The bill toughening unilateral US sanctions against Russia risks driving a wedge between the United States and key European allies as Brussels is likely to consider the restrictions unprofitable, Richard Connolly, an associate fellow of the Russia and Eurasia program at Chatham House, wrote in an article posted on the CNN website.
“The sanctions regime that gradually came into effect targeted strategic sectors of the Russian economy, including energy, defense and finance. But as well as hitting Russian entities, Western firms also suffered,” the expert said.
According to Connoly, American and European manufacturing and energy giants lost a lot of money. “The sale of French warships and German machinery was halted. Billions of dollars’ worth of investments by energy giants such as ExxonMobil, Total and Shell were postponed. Businesses in countries with historically close commercial ties with Russia – such as Italy, Hungary and Bulgaria – were hit especially hard,” he wrote.
“By pushing through a new round of sanctions that will expand on those that already exist against Russia, US legislators may be inadvertently giving the Kremlin something it has hoped would happen ever since the Crimea crisis began: driving a wedge between Europe and the United States,” the article said.
The stated desire to target the proposed Nord Stream 2 gas pipeline is seen by some European officials as an attempt to replace cheap Russian gas with more expensive US liquefied natural gas. “Not only would this disrupt existing gas relationships between Russia and European countries such as Austria, Germany and Italy, but it would also result in European industrial firms paying a higher price for energy than their US competitors,” Connoly said. “EU officials are already hinting at retaliation against the United States if their interests are threatened,” he added.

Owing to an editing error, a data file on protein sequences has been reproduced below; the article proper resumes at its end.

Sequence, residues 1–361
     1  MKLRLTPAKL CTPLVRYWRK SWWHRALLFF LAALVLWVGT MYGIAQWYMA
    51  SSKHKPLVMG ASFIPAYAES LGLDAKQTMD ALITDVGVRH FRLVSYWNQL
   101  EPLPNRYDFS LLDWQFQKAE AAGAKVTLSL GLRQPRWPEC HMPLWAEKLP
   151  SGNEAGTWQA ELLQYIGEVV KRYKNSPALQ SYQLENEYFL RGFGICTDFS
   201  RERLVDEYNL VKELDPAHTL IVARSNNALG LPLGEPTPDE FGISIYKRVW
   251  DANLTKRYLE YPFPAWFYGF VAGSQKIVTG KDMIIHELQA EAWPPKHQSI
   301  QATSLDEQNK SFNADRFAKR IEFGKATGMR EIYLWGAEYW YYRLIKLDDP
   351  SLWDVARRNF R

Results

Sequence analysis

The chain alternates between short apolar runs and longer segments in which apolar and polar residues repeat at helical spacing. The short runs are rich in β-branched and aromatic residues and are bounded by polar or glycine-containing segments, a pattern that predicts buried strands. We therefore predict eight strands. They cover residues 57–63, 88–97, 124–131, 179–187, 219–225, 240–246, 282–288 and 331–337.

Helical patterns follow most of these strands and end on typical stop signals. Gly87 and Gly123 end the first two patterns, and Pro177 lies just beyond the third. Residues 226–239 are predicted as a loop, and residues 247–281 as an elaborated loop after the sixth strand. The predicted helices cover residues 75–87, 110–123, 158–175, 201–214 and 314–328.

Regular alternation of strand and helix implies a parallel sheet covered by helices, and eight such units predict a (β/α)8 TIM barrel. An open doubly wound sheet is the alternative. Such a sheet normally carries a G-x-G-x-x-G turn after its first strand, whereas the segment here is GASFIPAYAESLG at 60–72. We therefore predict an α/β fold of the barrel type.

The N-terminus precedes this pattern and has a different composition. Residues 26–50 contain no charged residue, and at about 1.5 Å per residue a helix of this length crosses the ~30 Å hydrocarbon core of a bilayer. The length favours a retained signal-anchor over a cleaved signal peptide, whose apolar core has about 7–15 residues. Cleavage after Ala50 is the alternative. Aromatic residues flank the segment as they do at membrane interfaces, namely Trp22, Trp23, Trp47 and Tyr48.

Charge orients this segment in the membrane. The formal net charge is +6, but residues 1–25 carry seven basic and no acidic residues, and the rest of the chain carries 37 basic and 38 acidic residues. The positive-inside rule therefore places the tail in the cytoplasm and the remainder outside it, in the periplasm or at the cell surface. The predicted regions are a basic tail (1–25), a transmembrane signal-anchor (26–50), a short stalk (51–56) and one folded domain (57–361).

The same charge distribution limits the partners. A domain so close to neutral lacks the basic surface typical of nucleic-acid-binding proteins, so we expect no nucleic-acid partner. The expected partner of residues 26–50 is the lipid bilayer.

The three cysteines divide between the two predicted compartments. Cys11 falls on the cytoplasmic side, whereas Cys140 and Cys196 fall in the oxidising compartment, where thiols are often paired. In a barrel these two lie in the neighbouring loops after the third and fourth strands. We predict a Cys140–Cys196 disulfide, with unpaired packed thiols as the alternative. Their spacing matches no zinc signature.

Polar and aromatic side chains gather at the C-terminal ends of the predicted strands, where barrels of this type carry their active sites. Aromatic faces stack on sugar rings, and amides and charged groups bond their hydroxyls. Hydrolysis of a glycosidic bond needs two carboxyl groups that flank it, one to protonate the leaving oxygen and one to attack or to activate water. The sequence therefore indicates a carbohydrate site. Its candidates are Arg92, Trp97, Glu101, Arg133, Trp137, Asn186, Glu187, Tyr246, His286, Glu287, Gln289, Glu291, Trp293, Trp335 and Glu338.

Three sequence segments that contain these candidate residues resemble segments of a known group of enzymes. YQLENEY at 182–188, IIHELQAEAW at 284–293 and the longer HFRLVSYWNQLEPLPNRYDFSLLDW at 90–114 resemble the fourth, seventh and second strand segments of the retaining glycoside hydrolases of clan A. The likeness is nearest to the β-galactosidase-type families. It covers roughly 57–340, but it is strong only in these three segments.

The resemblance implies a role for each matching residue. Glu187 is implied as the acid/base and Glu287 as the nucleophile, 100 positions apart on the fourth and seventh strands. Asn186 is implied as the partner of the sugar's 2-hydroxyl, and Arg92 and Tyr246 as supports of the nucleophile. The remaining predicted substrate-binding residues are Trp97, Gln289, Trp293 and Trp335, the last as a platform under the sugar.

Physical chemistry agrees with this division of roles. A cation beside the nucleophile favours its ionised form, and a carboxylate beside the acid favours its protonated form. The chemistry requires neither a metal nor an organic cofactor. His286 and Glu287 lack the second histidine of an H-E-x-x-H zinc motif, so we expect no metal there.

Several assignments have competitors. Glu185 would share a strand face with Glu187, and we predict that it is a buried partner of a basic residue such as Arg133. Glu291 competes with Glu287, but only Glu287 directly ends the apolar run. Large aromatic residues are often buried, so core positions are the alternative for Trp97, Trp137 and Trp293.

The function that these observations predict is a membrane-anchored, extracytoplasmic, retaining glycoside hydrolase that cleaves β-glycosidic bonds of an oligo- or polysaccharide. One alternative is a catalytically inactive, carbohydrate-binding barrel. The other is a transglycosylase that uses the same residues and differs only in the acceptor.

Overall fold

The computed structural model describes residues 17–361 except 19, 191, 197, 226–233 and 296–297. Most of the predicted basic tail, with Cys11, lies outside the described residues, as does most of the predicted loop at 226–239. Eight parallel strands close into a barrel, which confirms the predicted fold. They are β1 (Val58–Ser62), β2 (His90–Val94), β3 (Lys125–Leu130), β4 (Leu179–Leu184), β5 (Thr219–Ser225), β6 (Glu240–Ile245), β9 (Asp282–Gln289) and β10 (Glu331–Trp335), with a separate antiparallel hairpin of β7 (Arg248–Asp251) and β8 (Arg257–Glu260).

As reported earlier the US Senate passed the bill toughening the country’s unilateral sanctions against Russia, Iran and North Korea as senators voted 98-2 on the bill on Thursday. Since it has passed through both chambers, the document titled “Countering America’s Adversaries Through Sanctions Act” will be sent to President Donald Trump. The White House has recently signaled that Trump favors toughening of restrictions against the three countries, though he will take a decision after revising the final version of the draft law.
The US bill contains restrictive measures against Russia taken by the previous Barack Obama administration on the basis of executive orders – the sanctions introduced on March 6 and December 18, 2014, on April 1, 2015 and on July 26 and December 29, 2016.
The bill provides that the US President may levy sanctions on persons planning to invest over $5 mln per year or $1 mln at a time in the construction of Russian export pipelines, provide services and technologies to such projects and provide information.
According to the document, the US government is to continue efforts to prevent the construction of Nord Stream 2. The bill claims that the project negatively affects the European Union’s energy security, the development of gas market in Central and Eastern Europe and energy reforms in Ukraine. Also, the draft law urges the US government to focus on exports of American energy resources to Europe in order to add new jobs in the country’s own economy.